Sunday, October 27, 2013

A tale of 4 roosters

Since he was attacked back in June, Mr. Roo has been improving, but slowly. Then just last week after I returned from my NJ visit, I noticed he was looking worse than ever. I took some photos to show the vet, but I won't post them here because he looks so awful. Vet says he has a respiratory infection. It was so bad they did not think he would recover, so I was prepared to send him off to meet his maker on Tuesday morning (with the help of Don on the Hill, AKA the Terminator).

But Tuesday morning comes around and there is Rooty Toot out in the coop looking all healthy and eating and drinking like normal. Some of the girls were in there with him, I think to protect him. They told him this was his only chance to make himself look good...

So I went to the vet and picked up the antibiotics that may or may not cure him, but at least now he has a fighting chance. He is in the garage in Chicken Hospital, under the heat lamp with his food and medicated water. He is standing tall and looking pretty proud of himself.

I think we will take this opportunity to move the 3 "baby" roosters back to the real coop. That way there won't be any competition for Roo until he's back to his fighting weight—he was awfully thin when I picked him up to carry him back to the hospital!

Now the little boys will only have to defend themselves against the big girls!

Be nice, big girls!

Thursday, October 17, 2013

Heading to NJ for the weekend

Going "back home" to visit with Little Sister and Jersey Girl. I took 92 photos this afternoon, hoping to get a few good ones. I did, but have no time to process them. So I leave you with a single photo of one of my 3 handsome baby roosters. Take note of all the apples on the ground. The ones that got away... The smell is absolutely delicious!

Saturday, October 12, 2013

Three little pigs aren't so little after all!

We picked up the 3 new piggies, 6 weeks old, this morning from Tammy, our pig breeder in Smyrna. The second photo is of the 3 of them in the back of the haywagon (the CR-V). The 2 lucky ones got to ride in comfort in the dog crate. We thought it would be big enough for all 3, but these little piggies must have been eating up a storm because they are much larger than the ones that we picked up last year and the year before. Poor little black piggy had to be stuffed in the cat crate on the right...

As usual we had a tough time picking names for them, but we decided on Alice, Nora, and Irving for a few of our favorite authors. (Up to you to guess which authors we named them for...) Alice is the mostly red one, Nora the black one with pink go-go boots in the front, and Irving, the only boy, has the most white and the most spots.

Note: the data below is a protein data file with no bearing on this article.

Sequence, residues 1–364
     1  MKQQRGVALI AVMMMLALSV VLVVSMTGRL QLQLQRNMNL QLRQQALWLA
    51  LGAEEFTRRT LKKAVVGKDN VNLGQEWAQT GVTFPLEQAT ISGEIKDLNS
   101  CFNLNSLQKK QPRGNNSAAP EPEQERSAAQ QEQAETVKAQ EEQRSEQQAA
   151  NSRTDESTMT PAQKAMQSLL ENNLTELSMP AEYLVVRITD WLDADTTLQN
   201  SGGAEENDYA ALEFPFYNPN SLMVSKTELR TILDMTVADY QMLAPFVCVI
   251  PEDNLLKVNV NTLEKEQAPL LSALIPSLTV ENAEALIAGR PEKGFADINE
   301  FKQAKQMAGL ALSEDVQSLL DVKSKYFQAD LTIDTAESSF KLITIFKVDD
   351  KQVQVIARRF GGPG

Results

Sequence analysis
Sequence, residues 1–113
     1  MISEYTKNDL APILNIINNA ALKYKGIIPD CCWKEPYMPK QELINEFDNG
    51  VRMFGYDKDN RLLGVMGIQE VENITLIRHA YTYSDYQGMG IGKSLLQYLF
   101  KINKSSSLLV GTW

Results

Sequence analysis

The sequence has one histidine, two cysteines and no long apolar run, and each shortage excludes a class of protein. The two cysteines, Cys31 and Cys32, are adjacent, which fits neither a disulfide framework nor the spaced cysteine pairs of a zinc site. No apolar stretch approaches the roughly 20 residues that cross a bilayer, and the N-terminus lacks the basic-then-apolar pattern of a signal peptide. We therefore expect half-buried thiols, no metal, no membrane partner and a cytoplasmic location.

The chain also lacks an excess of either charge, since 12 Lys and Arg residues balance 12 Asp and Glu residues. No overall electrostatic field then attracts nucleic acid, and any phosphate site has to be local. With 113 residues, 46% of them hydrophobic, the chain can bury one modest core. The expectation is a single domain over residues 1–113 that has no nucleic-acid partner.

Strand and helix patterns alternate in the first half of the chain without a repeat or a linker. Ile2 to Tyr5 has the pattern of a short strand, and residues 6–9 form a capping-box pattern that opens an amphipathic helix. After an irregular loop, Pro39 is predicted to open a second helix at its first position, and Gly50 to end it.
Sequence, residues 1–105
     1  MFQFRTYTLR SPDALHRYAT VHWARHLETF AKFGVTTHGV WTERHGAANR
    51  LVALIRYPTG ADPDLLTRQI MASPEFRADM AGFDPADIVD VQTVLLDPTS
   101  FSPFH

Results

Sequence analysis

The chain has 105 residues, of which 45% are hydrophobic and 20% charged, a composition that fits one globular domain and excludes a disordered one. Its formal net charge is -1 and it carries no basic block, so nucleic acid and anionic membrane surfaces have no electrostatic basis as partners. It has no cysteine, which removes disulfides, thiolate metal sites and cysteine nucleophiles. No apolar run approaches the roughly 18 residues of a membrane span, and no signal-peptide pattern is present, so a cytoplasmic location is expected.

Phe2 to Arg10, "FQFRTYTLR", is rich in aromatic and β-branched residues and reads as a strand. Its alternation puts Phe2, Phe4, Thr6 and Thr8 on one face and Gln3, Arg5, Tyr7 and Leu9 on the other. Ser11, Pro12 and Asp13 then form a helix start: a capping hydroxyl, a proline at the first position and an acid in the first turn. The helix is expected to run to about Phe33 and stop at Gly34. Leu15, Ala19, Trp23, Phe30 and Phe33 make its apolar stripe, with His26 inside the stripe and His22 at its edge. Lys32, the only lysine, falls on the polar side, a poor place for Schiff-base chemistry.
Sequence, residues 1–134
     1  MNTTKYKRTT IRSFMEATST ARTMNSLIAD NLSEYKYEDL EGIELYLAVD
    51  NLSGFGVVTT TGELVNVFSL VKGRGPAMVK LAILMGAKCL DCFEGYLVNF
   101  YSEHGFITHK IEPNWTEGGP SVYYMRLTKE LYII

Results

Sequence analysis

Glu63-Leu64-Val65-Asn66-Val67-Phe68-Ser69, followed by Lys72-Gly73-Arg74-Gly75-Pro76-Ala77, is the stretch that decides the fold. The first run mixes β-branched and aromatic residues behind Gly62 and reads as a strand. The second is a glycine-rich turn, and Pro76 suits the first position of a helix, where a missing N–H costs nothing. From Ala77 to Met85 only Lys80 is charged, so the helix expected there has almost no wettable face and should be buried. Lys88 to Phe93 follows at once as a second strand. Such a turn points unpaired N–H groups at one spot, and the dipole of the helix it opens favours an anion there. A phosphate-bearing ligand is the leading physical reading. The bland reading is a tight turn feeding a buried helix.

I got out of work a little bit early yesterday due to some computer virus at the newspaper office. I came home and tried to fix up the pig shed in time for their arrival today. I got about 4 nails hammered in when I must have disturbed a wasp nest. Even though I got stung twice, I am happy that we found out before we had all the little babes in there. As much as I don't like using insecticides, there's nothing like a good can of wasp spray when you need it!

Pigs are settling in nicely. Goats are curious about their new neighbors. Dogs just went out for a walk with us and checked out the newbies.

For the first time ever, I just noticed while we were out there that 2 of the older hens were lying down in the shade with our 3 young roosters. The young ones are still in the "baby coop" at night, but young and old hang out back here by the house for most of the day. They are all free ranging together.

Sunday, October 6, 2013

Bushels of apples and picking up those little piggies

Last week, we (mostly I) picked 10 bushels of apples and sold them to the Fly Creek Cider Mill to use for making "a special batch" of hard cider. I had planned to bring them (reluctantly for reasons I won't mention here) to Dyn's Cider Mill, just up the road from us, but when I found out they charge $3 per gallon of cider to press our apples, and they need a minimum of 7 bushels, it seemed like a waste of picking effort (and apples). I can buy local cider for $3.99 a gallon.

The box in the photo is exactly one bushel. I found out that the easiest way to measure is to pick them in 5-gallon buckets. 2 buckets=1 bushel.

This was quite a banner year for apples here, and I probably could still pick another 20 bushels from our property, but it gets a little difficult when you get all the low-hanging apples from the close and easy trees, and then have to venture into the weedy, goldenrod-infested wild territory.

So we made $50 for easy pickins, and then I spent $20 of that in their store before I left.

I did, at least, find out that our wild apples are not all that wild, and at least some of them are probably Northern Spy apples.

I also cooked up my first batch of homemade apple butter, and am quite proud of the results! Yum!

Next weekend we pick up those baby pigs from the last post. More pics to follow!